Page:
Google CEO Larry Page took the stage at Zeitgeist 2012 sporting an augmented reality headset and joked, “If you guys are going to take my picture, I’ll take your picture, too.”
The headset is the basis of Project Glass, announced in early April this year. Page noted that although the project is in its early stages, he’s excited about how they work so far. Hinting towards his vision for the headset, Page perused the audience and quipped, “It doesn’t yet show me all of your names...”
Google Zeitgeist invitation-only events are typically current or forward-looking presentations by statespeople, inventors, humanitarians and other thought leaders. This year, however, Page is looking back over the year he’s spent as CEO of the company he founded with Sergey Brin, after Eric Schmidt stepped down and into the Executive Chairman role last April.
More than looking ahead, Page explained how the tech giant evolved so rapidly in the past year, changing their entire focus. In doing so, he offered glimpses of things to come.
Page Reflects on Google’s Changing Scope
To that end, Page shared his focus over his time as CEO, primarily in the way Google shifted its focus away from organic search. “It’s easy to think about technology as being relatively static... you know, Google’s a search engine, we’ve done these various things for a long time, not much changes,” he said. “But that’s not really what’s happening. I think that the pace of change is really accelerating.”
Google has shut down over 30 services since Page took over again, in a process he described as “painful.” Not surprisingly, Buzz got the axe, as did Google Labs, The Google Friends Newsletter, Knol, and Aardvark.
Page described his personal process for deciding which services are worth keeping: the Toothbrush Test. Do you use a product as often as you would use your toothbrush? Clearly, Google wants to be a part of the average user’s everyday life; this is where their focus will lie.
Most recently, Google finally closed the Motorola acquisition, after months of intense scrutiny by antitrust investigators.
Google’s Priorities: Google+, Search Plus Your World & Knowledge Graph
Despite its title of Beyond Today, Page’s speech did a substantial bit of looking back over the relatively short period since he regained the CEO seat, and even more recently spoke at Zeitgeist 2011 in September. The focus this time is markedly different; where Page hammered home the importance of user experience in organic search time and again at the last Zeitgeist, this time, it was about something more.
Their primary areas of focus over the last year, he said, have been Google Plus and search – though it’s worth noting that he’s actually speaking of Search Plus Your World, personalized signed in search that is customized based on social activity. Another major priority is Knowledge Graph, which Page refers to as Knowledge panels, released last week.
“What we’re really trying to do is get to the point where we can represent knowledge and we can do much more complicated types of queries,” Page explained. “We’re really looking at synthesizing knowledge and I’m incredibly excited about that.”
Google’s Vision for Search: Instant, Actionable Answers Straight From Google
Search should be about taking actions, said Page. When users want to buy something, book a flight, or see the weather, Google wants to have the answers right there for them. Last year, they made headway with Google Flights; the Knowledge Graph (or panels) is an extension of this capability. Google aims to be your one-stop shop for everything knowledge or information.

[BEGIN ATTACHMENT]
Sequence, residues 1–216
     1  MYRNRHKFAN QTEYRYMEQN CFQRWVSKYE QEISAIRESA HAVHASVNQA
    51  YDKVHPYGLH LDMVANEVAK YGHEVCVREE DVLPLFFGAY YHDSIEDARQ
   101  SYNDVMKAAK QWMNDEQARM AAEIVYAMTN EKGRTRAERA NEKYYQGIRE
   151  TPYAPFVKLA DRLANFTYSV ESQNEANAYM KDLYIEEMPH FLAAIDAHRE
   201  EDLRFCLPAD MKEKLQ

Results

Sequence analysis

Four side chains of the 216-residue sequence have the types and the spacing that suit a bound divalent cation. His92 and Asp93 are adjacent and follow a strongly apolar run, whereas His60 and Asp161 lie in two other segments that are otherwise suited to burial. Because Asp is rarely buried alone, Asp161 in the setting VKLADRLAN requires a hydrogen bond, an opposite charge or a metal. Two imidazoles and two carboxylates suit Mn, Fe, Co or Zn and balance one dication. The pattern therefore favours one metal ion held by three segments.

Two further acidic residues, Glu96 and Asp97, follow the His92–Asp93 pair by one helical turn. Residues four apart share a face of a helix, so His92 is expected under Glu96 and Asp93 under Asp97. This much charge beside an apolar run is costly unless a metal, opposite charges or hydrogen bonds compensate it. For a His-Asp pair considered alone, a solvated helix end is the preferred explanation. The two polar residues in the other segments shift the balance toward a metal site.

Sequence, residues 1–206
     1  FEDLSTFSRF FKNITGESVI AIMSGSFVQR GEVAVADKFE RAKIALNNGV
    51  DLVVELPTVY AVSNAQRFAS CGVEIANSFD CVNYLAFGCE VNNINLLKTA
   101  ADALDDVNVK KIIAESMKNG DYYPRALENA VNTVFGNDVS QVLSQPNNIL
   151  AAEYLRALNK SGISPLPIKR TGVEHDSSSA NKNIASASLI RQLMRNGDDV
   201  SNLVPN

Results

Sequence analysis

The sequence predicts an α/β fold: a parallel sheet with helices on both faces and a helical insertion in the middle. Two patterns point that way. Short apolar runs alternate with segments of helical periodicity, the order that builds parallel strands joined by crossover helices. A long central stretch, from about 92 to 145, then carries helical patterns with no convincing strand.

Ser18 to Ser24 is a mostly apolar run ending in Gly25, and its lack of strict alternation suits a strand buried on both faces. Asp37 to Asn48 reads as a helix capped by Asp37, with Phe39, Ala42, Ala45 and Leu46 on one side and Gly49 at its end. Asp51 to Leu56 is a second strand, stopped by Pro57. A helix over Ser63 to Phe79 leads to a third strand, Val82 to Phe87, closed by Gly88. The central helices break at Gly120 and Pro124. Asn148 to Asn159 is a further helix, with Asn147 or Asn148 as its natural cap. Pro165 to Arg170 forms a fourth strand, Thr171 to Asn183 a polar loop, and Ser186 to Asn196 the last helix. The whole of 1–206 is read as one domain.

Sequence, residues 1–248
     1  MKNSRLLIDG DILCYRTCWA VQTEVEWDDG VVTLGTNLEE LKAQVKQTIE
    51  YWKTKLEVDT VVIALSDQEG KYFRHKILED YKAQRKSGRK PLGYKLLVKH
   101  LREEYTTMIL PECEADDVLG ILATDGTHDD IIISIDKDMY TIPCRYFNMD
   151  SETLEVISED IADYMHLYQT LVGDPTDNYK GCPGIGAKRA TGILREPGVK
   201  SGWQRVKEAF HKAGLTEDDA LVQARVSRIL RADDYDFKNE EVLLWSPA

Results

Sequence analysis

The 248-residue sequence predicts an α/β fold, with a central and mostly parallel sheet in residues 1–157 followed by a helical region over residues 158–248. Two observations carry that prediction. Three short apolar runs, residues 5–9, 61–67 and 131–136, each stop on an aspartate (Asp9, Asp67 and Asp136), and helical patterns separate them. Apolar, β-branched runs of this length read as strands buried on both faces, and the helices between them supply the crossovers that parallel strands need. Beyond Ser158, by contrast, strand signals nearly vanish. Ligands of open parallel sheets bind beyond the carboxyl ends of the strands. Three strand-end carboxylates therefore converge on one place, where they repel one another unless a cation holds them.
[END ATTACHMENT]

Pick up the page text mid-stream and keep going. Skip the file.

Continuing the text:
Of course, the original creators and providers of this information have concerns. What is the benefit to publishers when visitors no longer need to visit their site to access their information?
“We’ve been doing a lot of this work over the years,” Page said. “A lot of it requires deep partnerships, with probably many of the people in the room, to make sure we have access to the right kind of data and the right business models to make all that work.”
No kidding. Ultimately, he said, Google wants users to be able to take action, which is even more important in mobile.
Google “Making Some Big Bets”
Page notes that Google has taken on or developed some services over the years that people thought were either too expensive (YouTube) or just too crazy (Chrome) to pan out for them. However, they focus on the long-term. YouTube has doubled its revenue each year over the past four years, said Page. It was a good long-term bet, regardless of the acquisition cost or perceived risk.
“I think that’s a good example of how our philosophy is,” he explained. “We see things that people use a lot - that are going to be really important to them - and we think that usually, you can make money from those things over time.”
Anything you can imagine is doable, said Page, so long as you can imagine and work on it. Google relishes finding the impossible task and making it happen, that much is clear. Near the end of his presentation, Page shared his nearly Utopian vision of a world where every person had the resources they need to have a good quality life, resources he says are available now.
“We have enough raw materials and things like that. I think we need to get better organized and really move a lot faster,” Page said. “We’re really working on making that a reality, by developing amazing technology that helps the world get better organized, that helps people be more productive.”
Despite his reinforcement of Google’s “Don’t be evil” mantra and their lofty, admirable goals in search, Google has a tough row to hoe with partners and publishers given their new direction as a curator/publisher.
What do you think of the changes Google has made over the past year and what do you foresee for the remainder of 2012? Let us know in the comments!
See Larry Page’s Google Zeitgeist presentation in full:
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